day media coverage and an official response from an airline executive. 10 To identify trends, if any, in IT outages, their potential causes, and effects on passengers, we interviewed representatives of the 11 airlines mentioned above, as well as other stakeholders, including an IT risk expert, three industry associations, and representatives from one employee union. To understand how airlines accommodate inconvenienced passengers, we reviewed airline contracts of carriage for the nine airlines in our scope with applicable contracts. Airlines’ contracts of carriage are the legally binding contracts between carriers and passengers and may include specific provisions such as refund procedures and responsibility for delayed flights, among other things. We reviewed passenger complaints received by DOT from 2015 through June 2018 stemming from airline IT outages to provide insight into what adverse effects passengers may have experienced as a result. We also interviewed the industry associations noted above and three consumer and passenger advocacy groups to identify any concerns regarding consumers affected by airline IT outages. See appendix I for more information on our scope and methodology. We conducted this performance audit from February 2018 to June 2019 in accordance with generally accepted government auditing standards. Those standards require that we plan and perform the audit to obtain sufficient, appropriate evidence to provide a reasonable basis for our findings and conclusions based on our audit objectives. We believe that the evidence obtained provides a reasonable basis for our findings and conclusions based on our audit objectives. Background In the U.S. commercial airline industry, passengers travel on network, low-cost, and regional airlines. With thousands of employees and hundreds of aircraft, network airlines support large, complex hub-andspoke operations, which provide service at various fare levels to many destinations. Low-cost airlines generally operate under a low-cost business model, which typically includes providing point-to-point service 10 Our review (and validation process) was limited to airline IT outages occurring from 2015 through 2017. To provide updated information, we corroborated information from an online catalog of airline IT outages for 9 additional outages that occurred from January 2018 through January 2019 using publicly available airline or airport information or media coverage. Page 4 GAO-19-514 Airline IT Outages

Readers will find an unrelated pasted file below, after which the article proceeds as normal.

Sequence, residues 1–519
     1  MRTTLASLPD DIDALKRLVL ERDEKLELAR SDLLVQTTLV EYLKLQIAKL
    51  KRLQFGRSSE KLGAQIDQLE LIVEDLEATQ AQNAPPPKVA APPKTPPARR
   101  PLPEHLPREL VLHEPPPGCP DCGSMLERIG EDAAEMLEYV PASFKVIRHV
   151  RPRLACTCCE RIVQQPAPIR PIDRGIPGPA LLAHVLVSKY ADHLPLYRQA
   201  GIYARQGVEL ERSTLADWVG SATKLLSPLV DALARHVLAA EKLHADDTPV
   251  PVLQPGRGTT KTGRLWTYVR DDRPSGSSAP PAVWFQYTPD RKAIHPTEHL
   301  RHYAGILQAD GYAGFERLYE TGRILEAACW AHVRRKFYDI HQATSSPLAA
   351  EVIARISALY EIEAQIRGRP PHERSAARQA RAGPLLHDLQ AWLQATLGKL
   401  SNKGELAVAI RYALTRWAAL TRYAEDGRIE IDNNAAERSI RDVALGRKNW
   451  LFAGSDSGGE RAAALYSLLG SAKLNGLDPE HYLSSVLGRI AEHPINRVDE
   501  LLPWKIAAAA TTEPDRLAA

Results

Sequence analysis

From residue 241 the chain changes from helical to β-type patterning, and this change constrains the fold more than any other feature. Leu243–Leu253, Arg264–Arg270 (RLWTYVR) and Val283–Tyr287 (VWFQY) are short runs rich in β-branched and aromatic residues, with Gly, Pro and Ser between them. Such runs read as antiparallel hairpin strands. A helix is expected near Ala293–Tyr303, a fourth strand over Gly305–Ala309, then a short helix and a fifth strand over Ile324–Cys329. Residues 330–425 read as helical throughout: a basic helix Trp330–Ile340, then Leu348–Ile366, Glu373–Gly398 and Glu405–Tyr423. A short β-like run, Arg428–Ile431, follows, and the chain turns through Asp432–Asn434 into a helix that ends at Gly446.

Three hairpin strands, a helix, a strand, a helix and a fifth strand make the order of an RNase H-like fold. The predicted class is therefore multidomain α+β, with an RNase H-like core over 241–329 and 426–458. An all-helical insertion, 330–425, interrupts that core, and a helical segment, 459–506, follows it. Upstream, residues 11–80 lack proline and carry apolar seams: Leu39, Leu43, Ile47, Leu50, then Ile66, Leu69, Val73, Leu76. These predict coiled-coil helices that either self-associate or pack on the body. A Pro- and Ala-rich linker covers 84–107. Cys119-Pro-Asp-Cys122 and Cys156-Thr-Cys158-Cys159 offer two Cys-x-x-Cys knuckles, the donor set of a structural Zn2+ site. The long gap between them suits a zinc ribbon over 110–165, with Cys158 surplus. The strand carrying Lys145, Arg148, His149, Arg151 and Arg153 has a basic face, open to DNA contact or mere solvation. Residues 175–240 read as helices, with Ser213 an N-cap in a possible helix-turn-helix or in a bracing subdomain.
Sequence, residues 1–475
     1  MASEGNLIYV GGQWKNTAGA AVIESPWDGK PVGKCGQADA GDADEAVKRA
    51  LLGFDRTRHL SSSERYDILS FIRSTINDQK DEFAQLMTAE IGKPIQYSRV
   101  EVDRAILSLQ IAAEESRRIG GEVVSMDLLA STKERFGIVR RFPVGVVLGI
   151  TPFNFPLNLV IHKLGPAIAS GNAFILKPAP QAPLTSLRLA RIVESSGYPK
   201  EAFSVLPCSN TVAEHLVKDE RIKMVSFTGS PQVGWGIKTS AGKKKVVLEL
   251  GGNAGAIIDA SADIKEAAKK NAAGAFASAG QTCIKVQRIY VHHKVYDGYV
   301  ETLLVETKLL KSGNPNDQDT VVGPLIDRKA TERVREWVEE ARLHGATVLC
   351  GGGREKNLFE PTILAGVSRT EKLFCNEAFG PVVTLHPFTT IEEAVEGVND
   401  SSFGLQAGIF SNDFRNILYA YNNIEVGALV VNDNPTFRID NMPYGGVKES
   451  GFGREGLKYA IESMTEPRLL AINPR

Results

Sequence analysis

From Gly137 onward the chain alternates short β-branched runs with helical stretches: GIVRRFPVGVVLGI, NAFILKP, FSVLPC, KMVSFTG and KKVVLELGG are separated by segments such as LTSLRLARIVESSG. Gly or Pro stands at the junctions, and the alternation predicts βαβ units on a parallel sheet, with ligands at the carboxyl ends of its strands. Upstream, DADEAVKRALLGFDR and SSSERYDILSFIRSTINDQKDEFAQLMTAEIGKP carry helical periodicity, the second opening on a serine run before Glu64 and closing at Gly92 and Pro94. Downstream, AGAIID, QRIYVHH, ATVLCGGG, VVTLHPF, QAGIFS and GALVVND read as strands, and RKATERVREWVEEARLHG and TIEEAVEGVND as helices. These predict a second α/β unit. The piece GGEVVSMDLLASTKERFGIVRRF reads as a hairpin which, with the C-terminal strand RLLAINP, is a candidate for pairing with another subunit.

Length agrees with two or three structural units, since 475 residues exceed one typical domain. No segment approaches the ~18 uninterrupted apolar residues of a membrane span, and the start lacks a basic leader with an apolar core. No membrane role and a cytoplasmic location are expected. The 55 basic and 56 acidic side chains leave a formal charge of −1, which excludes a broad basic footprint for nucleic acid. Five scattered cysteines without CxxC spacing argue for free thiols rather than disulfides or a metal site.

using fewer types of aircraft. 11 Regional airlines typically operate small aircraft—turboprops or regional jets with up to 100 seats—and generally provide service to smaller communities on behalf of network airlines. Airlines rely on a wide variety of IT systems to schedule and transport passengers; some of these IT systems interface with networks operated by travel-booking sites, other airlines, and the FAA. These IT systems touch all phases of a passenger’s travel experience, including booking, check-in, boarding, and baggage, as well as airline operations behind the scene, including flight planning, crew scheduling, and flight dispatch, according to FAA. In addition, aviation stakeholders explained that airline IT systems operate in a dynamic, data-intensive environment that demands around-the-clock availability and real-time information. In recent years, the introduction of new mobile applications and telecommunications infrastructure has added to the myriad systems and network connections now critical to an airline’s operations. Airlines face challenges in maintaining or enhancing their IT systems. For example, some airlines operate a web of IT systems that were developed over many years as manual systems transitioned to electronic and computer-processed functions. Replacing software and upgrading these older systems, such as reservations and crew scheduling, can be complicated undertakings as airlines serve millions of travelers and need to keep data flowing across their networks. For example, in its financial filings, Southwest pointed to the significant challenges and costs involved in introducing new IT capabilities while managing existing systems. Increasingly dependent on the use of IT systems to run its ongoing operations, the company recently completed a multi-year initiative to transition to a new third-party reservation system through Amadeus, among other investments. 12 In addition, a wave of industry consolidation stemming from airline bankruptcies in the late 2000s has affected airline IT systems, requiring significant sustained focus among airlines on merging different IT infrastructures necessary to support worldwide flight operations without interruption. For instance, we previously found that United struggled to 11 Our scope includes airlines defined by BTS as network carriers (Alaska, American, Delta, and United); low-cost carriers (Frontier, JetBlue, Spirit, Southwest, and Virgin America); and regional carriers (ExpressJet and SkyWest), as well as Hawaiian, which operates in a niche market. 12 See Southwest’s Annual Report (2019). Page 5 GAO-19-514 Airline IT Outages